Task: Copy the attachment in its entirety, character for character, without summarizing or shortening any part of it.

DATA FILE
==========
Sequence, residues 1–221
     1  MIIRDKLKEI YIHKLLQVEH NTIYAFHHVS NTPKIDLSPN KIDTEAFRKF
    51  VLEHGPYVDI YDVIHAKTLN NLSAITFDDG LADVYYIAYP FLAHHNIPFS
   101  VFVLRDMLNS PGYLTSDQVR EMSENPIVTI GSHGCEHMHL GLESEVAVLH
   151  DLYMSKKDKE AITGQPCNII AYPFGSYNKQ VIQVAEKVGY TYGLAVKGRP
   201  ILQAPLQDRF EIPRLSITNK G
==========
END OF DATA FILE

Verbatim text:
Sequence, residues 1–221
     1  MIIRDKLKEI YIHKLLQVEH NTIYAFHHVS NTPKIDLSPN KIDTEAFRKF
    51  VLEHGPYVDI YDVIHAKTLN NLSAITFDDG LADVYYIAYP FLAHHNIPFS
   101  VFVLRDMLNS PGYLTSDQVR EMSENPIVTI GSHGCEHMHL GLESEVAVLH
   151  DLYMSKKDKE AITGQPCNII AYPFGSYNKQ VIQVAEKVGY TYGLAVKGRP
   201  ILQAPLQDRF EIPRLSITNK G